Traceability in manufacturing is the tracking of materials and parts as they progress through different stages of the product life cycle.
From the procurement of raw materials to processing and assembly into final products, traceability aims to increase quality control and maintain regulatory specifications.
End-to-end tracking of components via barcodes, sensors, time logs, etc.
Necessary for quality control and regulatory compliance
Essential for continuous improvement
A good way to think of traceability is the “farm-to-table” (or “farm-to-fork”) restaurant model, where the chef exclusively uses ingredients grown locally or on-site. The theory behind this dining experience is that guests can taste the freshness in every bite as well as be assured that every element of the dish has been “traced” directly from the farm to the plate. In other words, it’s a tale of traceability where the benefit is the satisfaction that the food is organic, sustainable, and ethically sourced.
As a manufacturer, traceability is a necessary element of a successful and lean factory. In addition, it provides many benefits that help to streamline assembly and shipping further down the product life cycle.
Traceability is important for several critical reasons in a lean manufacturing facility. Some of the most prevalent are:
Food manufacturers aren’t the only ones who need to be aware of toxic elements in their consumable products. All manufacturers should be tracking various parts throughout sub-assembly because of materials that can degrade over time or contain marginal amounts of things that are not safe for certain consumers, like children.
Traceability data can be used to pinpoint weak points in quality throughout production, and also help to minimize rejects and defects. You can trace the problem back to a single station or type of part quickly and efficiently with minimal downtime and material waste.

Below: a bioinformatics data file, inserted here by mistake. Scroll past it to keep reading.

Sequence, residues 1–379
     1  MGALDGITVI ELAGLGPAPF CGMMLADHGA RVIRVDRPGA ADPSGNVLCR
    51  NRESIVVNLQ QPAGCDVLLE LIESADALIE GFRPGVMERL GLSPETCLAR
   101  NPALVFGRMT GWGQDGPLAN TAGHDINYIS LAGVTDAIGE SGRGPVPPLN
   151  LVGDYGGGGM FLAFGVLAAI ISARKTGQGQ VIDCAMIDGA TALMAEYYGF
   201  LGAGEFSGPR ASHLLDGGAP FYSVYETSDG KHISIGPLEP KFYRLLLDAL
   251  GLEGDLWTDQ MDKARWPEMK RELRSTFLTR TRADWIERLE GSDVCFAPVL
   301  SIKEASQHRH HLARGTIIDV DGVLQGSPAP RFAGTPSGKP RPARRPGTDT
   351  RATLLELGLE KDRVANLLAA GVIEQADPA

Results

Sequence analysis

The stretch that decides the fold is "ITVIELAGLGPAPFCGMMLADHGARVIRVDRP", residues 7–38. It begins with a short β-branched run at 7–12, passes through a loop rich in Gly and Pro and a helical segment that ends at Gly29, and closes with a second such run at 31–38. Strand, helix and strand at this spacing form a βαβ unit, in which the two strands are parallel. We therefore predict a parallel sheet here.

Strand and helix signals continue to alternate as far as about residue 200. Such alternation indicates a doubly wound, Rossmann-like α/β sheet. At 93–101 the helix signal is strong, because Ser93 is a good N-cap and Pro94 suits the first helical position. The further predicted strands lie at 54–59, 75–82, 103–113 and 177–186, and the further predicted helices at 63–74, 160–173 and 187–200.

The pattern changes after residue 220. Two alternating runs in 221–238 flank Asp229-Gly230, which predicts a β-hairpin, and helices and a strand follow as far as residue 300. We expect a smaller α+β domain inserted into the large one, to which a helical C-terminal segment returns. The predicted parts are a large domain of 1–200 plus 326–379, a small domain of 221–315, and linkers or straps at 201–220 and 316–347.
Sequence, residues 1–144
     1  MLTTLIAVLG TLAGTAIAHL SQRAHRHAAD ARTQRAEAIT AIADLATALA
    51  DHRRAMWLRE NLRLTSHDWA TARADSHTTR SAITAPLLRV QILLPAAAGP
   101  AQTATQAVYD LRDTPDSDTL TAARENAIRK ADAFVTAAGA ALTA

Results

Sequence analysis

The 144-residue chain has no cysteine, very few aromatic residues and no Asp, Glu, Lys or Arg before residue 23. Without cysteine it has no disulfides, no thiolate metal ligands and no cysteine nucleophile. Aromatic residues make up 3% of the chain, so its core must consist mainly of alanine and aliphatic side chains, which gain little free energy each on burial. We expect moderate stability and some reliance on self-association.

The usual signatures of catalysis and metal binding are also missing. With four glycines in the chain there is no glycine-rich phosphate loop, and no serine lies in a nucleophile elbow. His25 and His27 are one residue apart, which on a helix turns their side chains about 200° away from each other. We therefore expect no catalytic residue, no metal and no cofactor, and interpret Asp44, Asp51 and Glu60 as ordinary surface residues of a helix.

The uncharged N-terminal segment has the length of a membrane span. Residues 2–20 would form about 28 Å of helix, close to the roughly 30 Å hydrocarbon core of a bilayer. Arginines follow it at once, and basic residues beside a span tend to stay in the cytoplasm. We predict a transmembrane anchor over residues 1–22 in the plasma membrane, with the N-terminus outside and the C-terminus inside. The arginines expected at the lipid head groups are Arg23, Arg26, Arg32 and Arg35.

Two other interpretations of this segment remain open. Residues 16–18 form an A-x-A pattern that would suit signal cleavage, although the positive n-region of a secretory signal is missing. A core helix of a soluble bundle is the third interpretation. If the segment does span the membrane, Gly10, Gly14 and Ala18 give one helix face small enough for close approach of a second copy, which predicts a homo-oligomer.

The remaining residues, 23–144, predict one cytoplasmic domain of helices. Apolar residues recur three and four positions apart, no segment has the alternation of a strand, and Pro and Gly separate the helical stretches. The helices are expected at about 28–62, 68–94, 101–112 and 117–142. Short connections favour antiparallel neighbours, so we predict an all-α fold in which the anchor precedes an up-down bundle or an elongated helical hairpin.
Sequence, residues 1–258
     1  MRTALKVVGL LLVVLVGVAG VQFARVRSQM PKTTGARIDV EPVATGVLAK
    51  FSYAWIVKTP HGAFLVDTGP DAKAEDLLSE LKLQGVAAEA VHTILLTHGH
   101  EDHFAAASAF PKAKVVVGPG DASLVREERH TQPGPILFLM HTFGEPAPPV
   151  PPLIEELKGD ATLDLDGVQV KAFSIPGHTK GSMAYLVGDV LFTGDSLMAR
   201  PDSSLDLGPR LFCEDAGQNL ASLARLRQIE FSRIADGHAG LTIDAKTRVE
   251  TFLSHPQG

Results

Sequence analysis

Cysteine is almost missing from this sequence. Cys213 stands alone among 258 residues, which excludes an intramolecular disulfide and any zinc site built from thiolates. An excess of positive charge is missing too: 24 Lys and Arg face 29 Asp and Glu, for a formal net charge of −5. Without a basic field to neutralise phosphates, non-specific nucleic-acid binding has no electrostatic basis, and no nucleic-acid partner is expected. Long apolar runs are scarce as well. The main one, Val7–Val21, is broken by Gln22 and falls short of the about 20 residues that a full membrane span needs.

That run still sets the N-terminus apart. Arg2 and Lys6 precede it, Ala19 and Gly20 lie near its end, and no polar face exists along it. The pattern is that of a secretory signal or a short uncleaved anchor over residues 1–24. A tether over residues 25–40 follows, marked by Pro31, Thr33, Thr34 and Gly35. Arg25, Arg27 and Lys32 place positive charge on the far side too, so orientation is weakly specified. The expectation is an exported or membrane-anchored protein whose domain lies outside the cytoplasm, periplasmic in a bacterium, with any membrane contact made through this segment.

Traceability helps satisfy your customers beyond providing shipping and delivery estimates. It also allows you to address issues like exchanges and replacements quickly and efficiently.
When there’s a significant update in governmental regulations for certain items or materials you are able to use, part traceability allows you to see exactly at which point the outdated material has been used, and there is no guesswork over regulatory compliance.
Due to traceability, your operators will be able to catch and correct variations in product output, leading to fewer instances of issuing recalls, which frustrate both your customers and your bottom line.
If you’re looking to become more lean and cut operational costs but don’t know where to start, traceability allows you to segment the production process into potential areas for improvement based on their return on costs.
When looking to expand your market, tracking codes provide the key to unlocking details about foreign suppliers and distributors, and allow you to vet your points of contact halfway around the world.
Luckily, traceability is an achievable practice for any manufacturer, and there are many options for implementing a system.
There are two types of traceability:
Okay, so how is traceability actually carried out?
You probably come into contact with tracking codes every day, but they’re meant to be small and indistinguishable so as not to distract the end user’s experience.
For example, take a look at the digitally printed numbers and digits code on the bottom of your seltzer can, or the string of mysterious numbers on the back of your t-shirt’s tag. These are examples of codes used for tracking exactly at what time and at which factory each item was produced.
These codes don’t make complete sense to non-employees because they are monitored in a traceability database which has unique rules for logging production data depending on the company.
Here is the basic traceability cycle:
Some people refer to “upstream” traceability versus “downstream” traceability. This is similar to internal vs chain traceability as discussed above, but not exactly the same. Upstream refers to the fabrication and sub-assembly that occurs prior to the current production phase, and can be at the same or a different factory. Downstream traceability refers to the further assembly and production that will occur after the current processing is done.
The first step of introducing traceability metrics is to invest in a permanent marking system like a laser engraving machine or whatever best suits your product. But it doesn’t stop there.
Many management frameworks and practical tools can help in consistent tracking efforts:
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